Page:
EDUC 4320 THE GIFTED CHILD

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EDUC 4320 THE GIFTED CHILD. PROGRAM PLANNING FOR GIFTED STUDENTS Pamela L. Price, Instructor. “We must create an openness to fly, to be challenged, to grow for… gifted and talented students.”. John F. Feldhusen (1992, p. 49). Complexities of plans may include:.
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EDUC 4320THE GIFTED CHILDPROGRAM PLANNING FOR GIFTED STUDENTSPamela L. Price, Instructor“We must create an openness to fly, to be challenged, to grow for… gifted and talented students.”John F. Feldhusen (1992, p. 49)Complexities of plans may include:A single teacher who provides extra study materials for students who finish early.Teachers who compact curriculum for gifted students to work at learning centers and on projects.Part time acceleration to a higher grade.Grade skipping.Cluster grouping gifted students at each grade level.Complexities continued:
  • Schoolwide plans that accommodate gifted students at every grade level.
  • District-wide pullout programs implemented by a traveling gifted teacher.
  • Part-time special gifted classes.
  • Full-time special gifted classes at every grade level.
  • special schools for the gifted.
  • According to Gallagher (2000)Differentiating the curriculum for gifted students “can refer to changes…in content, in learning environments, and even in technology” (p. 7)Pick one of the three changes listed above and augment a recent lesson plan by adjusting the change to meet the needs of a particular gifted student.Gentry & Ferriss (1999) stated that gifted programming include:
  • Challenge– high level content and thinking skills;
  • Choices– academic curricular and research problems;
  • Interest—leads to increased ownership, motivation, and achievement;
  • Enjoyment– feelings of accomplishment from completing relevant assignments;
  • Personal-meaning– increased when students engage in self-selected, self-directed learning experiences.
  • Discuss with a partner or small group how easy and/or difficult it would be for you as the teacher to include these concepts into your lesson planning and implementation.FOUR COMPONENTS OF PROGRAM PLANNING FOR THE GIFTEDProgram philosophy and goal developed by a school gifted committee.Definition and identification—who are the gifted and what will their program look like?Instruction of Students—what are the individual needs of gifted students?Program evaluation—how do we evaluate gains in students’ knowledge and high-level cognitive skills.PROGRAM EVALUATIONDonald Trefflinger and Marion Sortore (1992) itemized “tough questions” that a thoughtful program planner should ponder.Handout 1SIXTEEN AREAS IN PROGRAM PLANNING FOR THE GIFTEDNeeds AssessmentSchool psychologists, counselors Preliminary staff educationPhilosophy, rational, goals, objectives, a written planTypes of gifts and talents to be provided Criteria for identificationProvisions for identifying the underrepresented studentsStaff responsibilities and assignmentsAcceleration and enrichment plansOrganizational and administrative designTransportation needsCommunity resourcesStaff developmentBudgetary needs & allocationsDeveloping social capitalRESPONSIBILITIES OF LOCAL SCHOOL BOARDS FOR GIFTED EDUCATIONBecome aware of the needs of gifted students;Appoint at least member to be a member of the county’s gifted leadership team;Make written policy for the needs of gifted students;Respond to inquiries made by gifted parents and students.Questions school boards must answer.Isn’t gifted education elitist?We have special programs for the low-ability child and the high-ability child—but what about the average child?Aren’t all children really gifted, so don’t we need to provide for all their gifts?Why should we spend more money for kids who will make it anyway?Questions continued:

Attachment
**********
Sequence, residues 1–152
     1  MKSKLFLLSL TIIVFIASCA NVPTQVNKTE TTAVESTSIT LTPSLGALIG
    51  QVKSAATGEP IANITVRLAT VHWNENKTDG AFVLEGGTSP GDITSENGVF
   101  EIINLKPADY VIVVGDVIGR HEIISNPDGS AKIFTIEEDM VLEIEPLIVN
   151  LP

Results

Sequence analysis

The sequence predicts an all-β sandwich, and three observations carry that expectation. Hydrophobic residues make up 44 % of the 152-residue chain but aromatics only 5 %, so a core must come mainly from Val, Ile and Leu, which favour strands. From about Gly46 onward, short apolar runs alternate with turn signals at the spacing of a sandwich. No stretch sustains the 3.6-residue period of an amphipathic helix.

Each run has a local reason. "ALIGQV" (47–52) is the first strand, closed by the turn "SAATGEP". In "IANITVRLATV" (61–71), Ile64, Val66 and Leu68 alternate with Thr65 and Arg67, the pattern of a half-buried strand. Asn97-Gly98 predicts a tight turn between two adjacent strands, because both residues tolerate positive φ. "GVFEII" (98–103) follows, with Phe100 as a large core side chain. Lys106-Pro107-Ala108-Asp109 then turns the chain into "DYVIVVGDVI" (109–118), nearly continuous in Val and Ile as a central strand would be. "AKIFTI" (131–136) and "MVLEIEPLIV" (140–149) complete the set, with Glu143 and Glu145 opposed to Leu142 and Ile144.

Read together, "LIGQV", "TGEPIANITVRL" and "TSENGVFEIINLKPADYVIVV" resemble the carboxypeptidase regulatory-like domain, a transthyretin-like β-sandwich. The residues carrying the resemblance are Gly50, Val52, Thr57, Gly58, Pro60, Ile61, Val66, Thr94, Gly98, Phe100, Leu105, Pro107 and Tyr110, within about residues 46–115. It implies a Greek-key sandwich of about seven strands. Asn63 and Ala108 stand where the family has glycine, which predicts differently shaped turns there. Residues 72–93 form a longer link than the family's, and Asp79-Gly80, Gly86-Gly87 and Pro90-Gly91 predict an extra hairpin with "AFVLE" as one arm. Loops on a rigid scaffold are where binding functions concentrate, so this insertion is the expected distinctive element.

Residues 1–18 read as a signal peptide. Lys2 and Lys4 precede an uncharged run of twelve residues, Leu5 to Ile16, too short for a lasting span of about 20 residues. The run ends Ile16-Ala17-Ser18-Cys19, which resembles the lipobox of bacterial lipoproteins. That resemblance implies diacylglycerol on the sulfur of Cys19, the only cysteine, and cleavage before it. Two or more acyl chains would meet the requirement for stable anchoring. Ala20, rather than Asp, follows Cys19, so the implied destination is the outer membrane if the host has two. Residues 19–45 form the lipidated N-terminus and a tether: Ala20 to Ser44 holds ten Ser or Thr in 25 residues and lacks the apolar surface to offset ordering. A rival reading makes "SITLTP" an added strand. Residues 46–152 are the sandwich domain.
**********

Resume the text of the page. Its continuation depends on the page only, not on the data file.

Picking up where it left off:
• Can we afford to pay for more special education?
  • What do the rest of the kids get out of it?
  • Students will pretend to be school board members, pair off and prepare responses for the questions. They will compare their responses with those on Handout 2.PERSPECTIVE OF TEACHERS
  • Do all teachers agree that gifted students truly need special services?
  • What are some of their concerns and are they legitimate?
  • CURRICULUM CONSIDERATIONSAll students should experience high-quality and challenging curriculum. This curriculum will develop the abilities of gifted and students with advanced potential.Curriculum must be adapted to meet individual needs of gifted students.Intellectual demands should increase according to individual student needs.CURRICULUM CONSIDERATIONS CONTINUEDHigh-quality curriculum should make material meaningful for the learner.Curriculum should include cognitive, affective, and social domains.Curriculum should be both enriched and accelerated.Curriculum should be carefully planned, implemented, and evaluated.LEGAL ISSUESHomework Assignment:
  • Be prepared to discuss screening and identification of gifted students according your local gifted plans.
  • Research and find screening and identification procedures established for gifted students. Be prepared to discuss in class.
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